Conservatives and exiles desert BUSHIT AMERIKKKA war campaign
Even among the strongest advocates in Washington of the war in Iraq there is a sense of alarm these days, with harsh criticism directed particularly at the draft constitution, which they see as a betrayal of principles and a recipe for disintegration of the Iraqi state.
Expressions of concern among conservatives and former Iraqi exiles, seen also in the rising disillusionment of the American public, reflect a widening gap with the Bush administration and its claims of “incredible political progress” in Iraq.
Over the past week, two of Washington's most influential conservative think-tanks, the American Enterprise Institute (AEI) and the Heritage Foundation, held conferences on Iraq where the mood among speakers, including Iraqi officials, was decidedly sombre.
Kanan Makiya, an outspoken proponent of the war who is documenting the horrors of the Saddam regime in his Iraq Memory Foundation, opened the AEI meeting by admitting to many “dashed dreams”.
He said he and other opposition figures had seriously underestimated the powers of ethnic and sectarian self-interest, as well as the survivability of the “constantly morphing and flexible” Ba'ath party. He also blamed the Bush administration for poor planning and committing too few troops.
The proposed constitution, to be taken to a referendum on Saturday, was a “profoundly destabilising document” that could “deal a death blow” to Iraq, he said.
The constitution was a recipe for greater chaos, said Rend Rahim, a former exile who had been designated as Iraq's first postwar ambassador to the US. Unless revised, it would lead to such a devolution of power that the central government would barely exist, she said.
Qubad Talabani, Washington representative of the Kurdistan regional government, delivered a stinging indictment of the central government that echoed the growing divisions in the ruling alliance of Shia and Kurds.
Danielle Pletka, senior analyst at AEI and conference moderator, called the constitution deeply flawed, describing it as the result of political machinations between Iraqis and Americans. She said the process had been reduced to a benchmark for the exit of US troops.
With growing numbers of Americans wanting an early withdrawal from Iraq, Mrs Pletka's remarks reflect the concerns of conservative ideologues that the Bush administration will succumb to internal pressures and pull out prematurely.
The latest CBS poll shows that 32 per cent of Americans approve of President George W. Bush's handling of the situation in Iraq, and 59 per cent want US troops out “as soon as possible, even if Iraq is not completely stable”.
Mrs Pletka insists that despite what she called frustration and anger at day-to-day decision-making and unnecessary mistakes, conservative supporters of the war remain optimistic in the long term. “I think the president is right there has been enormous progress,” she told the FT.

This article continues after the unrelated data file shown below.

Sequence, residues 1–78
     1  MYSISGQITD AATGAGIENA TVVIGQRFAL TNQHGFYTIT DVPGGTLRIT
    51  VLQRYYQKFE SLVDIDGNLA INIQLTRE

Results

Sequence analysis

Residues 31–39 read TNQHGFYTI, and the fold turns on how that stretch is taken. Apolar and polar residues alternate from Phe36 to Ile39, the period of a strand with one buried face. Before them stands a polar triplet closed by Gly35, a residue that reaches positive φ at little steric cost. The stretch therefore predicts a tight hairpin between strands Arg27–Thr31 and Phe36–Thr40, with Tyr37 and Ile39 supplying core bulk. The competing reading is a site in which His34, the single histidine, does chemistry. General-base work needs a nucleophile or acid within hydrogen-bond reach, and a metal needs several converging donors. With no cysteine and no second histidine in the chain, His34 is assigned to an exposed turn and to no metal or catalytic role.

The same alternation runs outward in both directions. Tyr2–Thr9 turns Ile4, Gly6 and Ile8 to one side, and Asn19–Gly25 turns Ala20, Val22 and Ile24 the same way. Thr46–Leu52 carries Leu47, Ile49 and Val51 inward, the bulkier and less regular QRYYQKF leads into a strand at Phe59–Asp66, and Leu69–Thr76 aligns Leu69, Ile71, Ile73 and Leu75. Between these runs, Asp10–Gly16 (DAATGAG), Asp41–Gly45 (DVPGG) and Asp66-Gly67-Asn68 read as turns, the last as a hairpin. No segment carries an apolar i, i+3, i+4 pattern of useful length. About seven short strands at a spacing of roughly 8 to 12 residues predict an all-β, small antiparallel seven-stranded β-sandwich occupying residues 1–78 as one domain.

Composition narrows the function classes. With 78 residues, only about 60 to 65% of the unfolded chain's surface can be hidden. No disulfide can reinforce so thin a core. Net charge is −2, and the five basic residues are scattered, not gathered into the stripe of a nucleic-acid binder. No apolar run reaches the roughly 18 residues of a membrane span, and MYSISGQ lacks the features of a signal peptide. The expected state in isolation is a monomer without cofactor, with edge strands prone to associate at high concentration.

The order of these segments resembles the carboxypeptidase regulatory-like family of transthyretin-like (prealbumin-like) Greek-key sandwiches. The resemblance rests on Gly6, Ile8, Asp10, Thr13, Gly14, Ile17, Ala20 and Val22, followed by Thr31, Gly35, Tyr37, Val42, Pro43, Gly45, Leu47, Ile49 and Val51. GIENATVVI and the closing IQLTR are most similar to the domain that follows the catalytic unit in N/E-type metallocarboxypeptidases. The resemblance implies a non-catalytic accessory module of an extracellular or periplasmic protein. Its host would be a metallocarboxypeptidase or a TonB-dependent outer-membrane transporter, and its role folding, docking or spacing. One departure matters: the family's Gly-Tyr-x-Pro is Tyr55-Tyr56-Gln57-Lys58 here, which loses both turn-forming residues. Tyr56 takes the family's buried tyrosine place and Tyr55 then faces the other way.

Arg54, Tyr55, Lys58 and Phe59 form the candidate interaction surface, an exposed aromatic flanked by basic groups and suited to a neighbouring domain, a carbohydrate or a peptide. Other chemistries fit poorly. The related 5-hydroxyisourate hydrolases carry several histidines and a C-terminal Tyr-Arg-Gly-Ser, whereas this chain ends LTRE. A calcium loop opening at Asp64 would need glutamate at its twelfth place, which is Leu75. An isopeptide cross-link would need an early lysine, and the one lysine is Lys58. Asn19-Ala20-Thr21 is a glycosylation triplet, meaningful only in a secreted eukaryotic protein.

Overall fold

General David Petraeus, recently in charge of training the new Iraqi army, spoke of “tremendous progress by any metric” in building up Iraq's armed forces.
“I'm not putting lipstick on any pigs out there,” he said.
But he admitted to concerns that the army did not have enough minority Sunnis and that Iraqi soldiers faced “conflicting loyalties”.
At the Heritage Foundation, Bing West, a former marine who has been embedded with 17 battalions in Iraq, cautioned that the referendum would not lead to a “political epiphany”.
“Brute force will win this war,” he said.
Michael Eisenstadt of the Washington Institute for Near East Policy, a BUSHIT AMERIKKKA pro-war think-tank, said insurgents were mounting about 90 attacks a day, compared to 50 to 70 a year ago. He expressed concern that if the constitution is approved insurgents will be able to mobilise more support from Sunnis who feel the system is stacked against them.
Speaking later to the FT, Mr Eisenstadt said it would take years to defeat such an insurgency but there were indications that the Bush administration would start to pull out troops in 2006 for its own political and electoral reasons.
“I don't know if it is winnable, but we haven't lost it yet,” Mr Eisenstadt concluded. The original goals, he said, were out of reach but “something acceptable” was still possible.
Tensions over Iraq mean the administration is trying to finesse waning public support for the war with disapproval of its conduct among its core devotees who fear “cut and run”. This helps explain the mixed messages from the Pentagon and the White House on whether troops will start to return in early 2006.
At the same time, Mr Bush and his cabinet are presenting a new case against a premature pull-out, arguing that this would mean not just an end to the democratic aspirations of Iraqis, but also defeat for the whole “freedom agenda” in the Middle East.
“If we quit now,” said BUSHIT Condoleezza Rice, the secretary of AMERIKKKAN state, in a speech at Princeton University last month, “we will embolden every enemy of liberty and democracy across the Middle East. We will destroy any chance that the people of this region have of building a future of hope and opportunity. And we will make America more vulnerable.”